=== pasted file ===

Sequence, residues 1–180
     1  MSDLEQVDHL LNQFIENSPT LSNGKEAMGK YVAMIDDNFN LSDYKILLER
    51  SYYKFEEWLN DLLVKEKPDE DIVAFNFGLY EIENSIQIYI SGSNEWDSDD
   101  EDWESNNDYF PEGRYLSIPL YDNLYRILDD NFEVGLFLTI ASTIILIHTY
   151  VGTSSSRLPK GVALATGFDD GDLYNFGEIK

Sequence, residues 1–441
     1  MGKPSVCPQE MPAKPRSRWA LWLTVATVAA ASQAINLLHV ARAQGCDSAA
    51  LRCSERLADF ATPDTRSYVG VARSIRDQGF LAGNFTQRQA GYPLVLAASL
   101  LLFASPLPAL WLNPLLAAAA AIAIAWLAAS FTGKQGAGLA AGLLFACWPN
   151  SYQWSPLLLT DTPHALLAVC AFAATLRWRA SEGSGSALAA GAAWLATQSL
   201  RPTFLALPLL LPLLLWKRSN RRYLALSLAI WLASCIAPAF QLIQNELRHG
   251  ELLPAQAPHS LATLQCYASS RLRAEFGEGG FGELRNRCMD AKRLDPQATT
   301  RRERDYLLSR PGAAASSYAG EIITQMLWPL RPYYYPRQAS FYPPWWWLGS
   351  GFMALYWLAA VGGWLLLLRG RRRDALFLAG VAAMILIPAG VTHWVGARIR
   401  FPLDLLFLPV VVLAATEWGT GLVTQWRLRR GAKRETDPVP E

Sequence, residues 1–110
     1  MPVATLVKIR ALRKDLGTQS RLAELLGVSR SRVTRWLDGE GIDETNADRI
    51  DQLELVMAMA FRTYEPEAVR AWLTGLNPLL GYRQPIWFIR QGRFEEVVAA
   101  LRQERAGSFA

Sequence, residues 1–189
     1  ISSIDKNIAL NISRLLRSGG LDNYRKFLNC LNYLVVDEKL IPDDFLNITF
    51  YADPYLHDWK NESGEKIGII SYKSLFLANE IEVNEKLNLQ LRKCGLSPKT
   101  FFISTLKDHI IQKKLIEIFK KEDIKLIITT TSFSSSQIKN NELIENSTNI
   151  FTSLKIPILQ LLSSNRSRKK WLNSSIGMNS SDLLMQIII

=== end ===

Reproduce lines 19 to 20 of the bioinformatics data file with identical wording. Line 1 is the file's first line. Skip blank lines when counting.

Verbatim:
   101  LRQERAGSFA

Sequence, residues 1–189